Was it George Santayana or Bill Paxton who said: “Those who cannot remember the past are condemned to repeat it”? Although the line was not about Chinese trademark law, it might as well have been. We have been beating the drum for years about registering trademarks in China (see here, here, and here for a representative sample), but every time I start to think that the subject has gone stale, a bunch of new matters come in that prove me wrong.
When people run into problems with China trademarks, it can often be traced to one of three related misconceptions.
The first misconception is that a trademark registration in the U.S. or EU or some other jurisdiction will provide some protection in China. There is no such thing as a worldwide trademark; every country has its own trademark system, and your US trademark has no bearing on your trademark rights in China. (The one exception in China is for well-known brands, but this exception is so limited as to be meaningless. Starbucks had to litigate for years to prove that it was a well-known brand, and even that was not a slam dunk.)
The second misconception is that if a third party registers “your” trademark in China, you will be able to get it back by showing that you used it first in China. China employs a “first to file” system for trademark registration, with virtually no protection for unregistered trademarks. In this respect, China’s trademark system is the opposite of America’s, where you gain some trademark rights by usage alone. In China, anyone can register “your” trademark and prevent you from using it, even if they are not even using the trademark. This happens all the time and it is legal under Chinese law. If someone else registers “your” trademark first, that makes them (not you) the rightful owner of that trademark in China—and if you attempt to sell goods in China bearing that trademark, then your goods could be seized because you are the one violating China’s trademark law. It’s not a bug, it’s a feature.
The third misconception is that if one of your Chinese competitors registers “your” trademark, you will be able to invalidate the registration on the basis of bad faith. Although last year’s revisions to the Trademark Law theoretically strengthened the requirement that trademark applications be made in good faith, the Chinese Trademark Office still has a narrow conception of what constitutes bad faith. In the vast majority of situations, your only hope of successfully challenging an existing registration on a bad faith claim is to show that the owner of “your” trademark is (1) a business partner or (2) a serial trademark squatter. And even those two methods are far from foolproof. To show that someone is a business partner you need to prove that you had a business relationship before they submitted the trademark application — and without any possibility of court-ordered discovery, such proof can be elusive. It is equally difficult to prove that someone is a serial trademark squatter. If they have registered several hundred trademarks and do not appear to conduct any business related to the goods and services covered by those trademarks, then you have about a 50/50 chance.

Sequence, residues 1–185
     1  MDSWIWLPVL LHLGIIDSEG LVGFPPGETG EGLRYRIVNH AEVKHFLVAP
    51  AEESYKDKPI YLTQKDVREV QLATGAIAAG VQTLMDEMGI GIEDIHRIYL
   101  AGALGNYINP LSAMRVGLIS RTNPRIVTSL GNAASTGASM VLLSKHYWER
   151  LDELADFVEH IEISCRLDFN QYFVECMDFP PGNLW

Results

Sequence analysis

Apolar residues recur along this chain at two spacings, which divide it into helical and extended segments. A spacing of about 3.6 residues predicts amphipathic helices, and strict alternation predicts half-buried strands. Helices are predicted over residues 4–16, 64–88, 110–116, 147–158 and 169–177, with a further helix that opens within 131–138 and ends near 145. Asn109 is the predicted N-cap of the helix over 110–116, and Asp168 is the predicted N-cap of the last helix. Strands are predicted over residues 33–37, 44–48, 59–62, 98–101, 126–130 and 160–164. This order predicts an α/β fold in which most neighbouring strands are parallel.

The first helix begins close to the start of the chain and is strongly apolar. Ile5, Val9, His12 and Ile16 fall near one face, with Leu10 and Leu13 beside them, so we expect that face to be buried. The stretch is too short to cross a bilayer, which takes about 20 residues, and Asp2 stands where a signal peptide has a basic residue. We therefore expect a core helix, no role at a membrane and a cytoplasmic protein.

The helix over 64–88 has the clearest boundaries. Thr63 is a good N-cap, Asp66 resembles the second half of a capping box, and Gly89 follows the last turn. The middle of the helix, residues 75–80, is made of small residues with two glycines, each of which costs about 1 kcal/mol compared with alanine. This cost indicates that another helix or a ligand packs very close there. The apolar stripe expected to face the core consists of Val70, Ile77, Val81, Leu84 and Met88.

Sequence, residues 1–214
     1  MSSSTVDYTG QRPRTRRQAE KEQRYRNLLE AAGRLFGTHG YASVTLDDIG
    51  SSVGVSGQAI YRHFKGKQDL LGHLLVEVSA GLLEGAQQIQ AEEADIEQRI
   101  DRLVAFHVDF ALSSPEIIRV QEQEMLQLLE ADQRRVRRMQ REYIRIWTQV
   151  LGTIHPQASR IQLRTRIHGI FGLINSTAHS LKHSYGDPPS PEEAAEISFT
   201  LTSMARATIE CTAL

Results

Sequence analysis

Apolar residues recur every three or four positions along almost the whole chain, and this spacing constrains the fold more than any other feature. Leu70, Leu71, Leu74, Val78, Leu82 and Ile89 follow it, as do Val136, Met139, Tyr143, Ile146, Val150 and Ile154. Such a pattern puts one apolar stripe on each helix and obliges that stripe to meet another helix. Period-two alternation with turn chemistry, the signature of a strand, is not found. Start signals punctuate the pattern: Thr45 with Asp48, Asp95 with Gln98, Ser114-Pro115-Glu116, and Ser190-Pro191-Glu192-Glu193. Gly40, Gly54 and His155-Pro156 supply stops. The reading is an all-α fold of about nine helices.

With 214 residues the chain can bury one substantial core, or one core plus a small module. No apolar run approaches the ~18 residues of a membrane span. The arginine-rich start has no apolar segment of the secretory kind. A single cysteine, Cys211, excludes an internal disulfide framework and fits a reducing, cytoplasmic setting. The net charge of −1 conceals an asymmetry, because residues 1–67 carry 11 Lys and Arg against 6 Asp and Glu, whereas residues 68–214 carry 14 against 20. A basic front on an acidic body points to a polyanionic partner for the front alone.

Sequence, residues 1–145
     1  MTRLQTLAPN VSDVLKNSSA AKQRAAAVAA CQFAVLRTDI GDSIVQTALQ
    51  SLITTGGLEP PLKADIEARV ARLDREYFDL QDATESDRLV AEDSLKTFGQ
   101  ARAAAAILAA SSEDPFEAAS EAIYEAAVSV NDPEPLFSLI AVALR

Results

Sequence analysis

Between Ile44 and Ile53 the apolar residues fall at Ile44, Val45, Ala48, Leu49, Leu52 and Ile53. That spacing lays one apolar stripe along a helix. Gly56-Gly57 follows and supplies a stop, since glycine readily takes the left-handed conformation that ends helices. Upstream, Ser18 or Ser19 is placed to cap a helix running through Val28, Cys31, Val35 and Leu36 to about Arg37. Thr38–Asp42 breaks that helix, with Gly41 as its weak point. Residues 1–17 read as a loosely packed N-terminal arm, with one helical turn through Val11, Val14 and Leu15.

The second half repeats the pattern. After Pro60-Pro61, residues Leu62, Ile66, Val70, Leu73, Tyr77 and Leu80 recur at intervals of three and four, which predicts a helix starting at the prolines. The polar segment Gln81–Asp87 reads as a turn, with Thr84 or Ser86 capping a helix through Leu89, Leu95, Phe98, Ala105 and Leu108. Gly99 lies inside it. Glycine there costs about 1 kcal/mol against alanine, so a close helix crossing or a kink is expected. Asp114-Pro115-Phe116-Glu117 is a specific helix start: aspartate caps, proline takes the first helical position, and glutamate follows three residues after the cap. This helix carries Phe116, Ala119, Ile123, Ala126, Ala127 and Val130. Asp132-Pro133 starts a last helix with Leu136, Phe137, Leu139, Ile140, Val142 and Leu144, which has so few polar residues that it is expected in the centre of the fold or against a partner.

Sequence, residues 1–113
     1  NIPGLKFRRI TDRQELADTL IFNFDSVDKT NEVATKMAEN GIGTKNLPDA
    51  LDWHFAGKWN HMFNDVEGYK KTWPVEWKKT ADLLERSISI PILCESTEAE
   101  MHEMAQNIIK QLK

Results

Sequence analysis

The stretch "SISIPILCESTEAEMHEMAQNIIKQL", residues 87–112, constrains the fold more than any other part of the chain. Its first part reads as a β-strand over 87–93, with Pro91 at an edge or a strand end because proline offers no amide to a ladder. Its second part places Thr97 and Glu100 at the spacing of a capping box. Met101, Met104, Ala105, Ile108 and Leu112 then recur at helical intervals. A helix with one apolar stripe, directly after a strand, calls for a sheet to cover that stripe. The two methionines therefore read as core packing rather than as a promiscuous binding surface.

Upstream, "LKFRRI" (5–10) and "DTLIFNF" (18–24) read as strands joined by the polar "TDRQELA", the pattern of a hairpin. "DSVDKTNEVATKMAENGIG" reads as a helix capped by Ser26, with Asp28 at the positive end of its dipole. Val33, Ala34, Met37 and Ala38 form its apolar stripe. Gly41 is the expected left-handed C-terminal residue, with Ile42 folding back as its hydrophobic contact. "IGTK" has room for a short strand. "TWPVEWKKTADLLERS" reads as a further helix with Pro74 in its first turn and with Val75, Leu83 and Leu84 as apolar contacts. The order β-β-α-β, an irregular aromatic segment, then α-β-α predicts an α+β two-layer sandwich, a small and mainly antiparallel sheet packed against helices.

If the owner of “your” trademark is just a Chinese competitor — which happens all the time, because who else knows the business better? — then your options are highly unappealing: (1) buy the trademark from the competitor at a usurious price; (2) go into business with the competitor on unfavorable terms; (3) pick a new trademark and rebrand; or (4) stop doing business in China. The competitor has no incentive to do anything that would actually help you. We recently handled a matter in which a Chinese company had registered the names of its three largest non-Chinese competitors, effectively taking those companies out of the market in China for a few years, at least under their own names.
If you care about what happens to your IP in China, then you need to register your trademarks in China now. The Chinese trademark system only helps those who help themselves.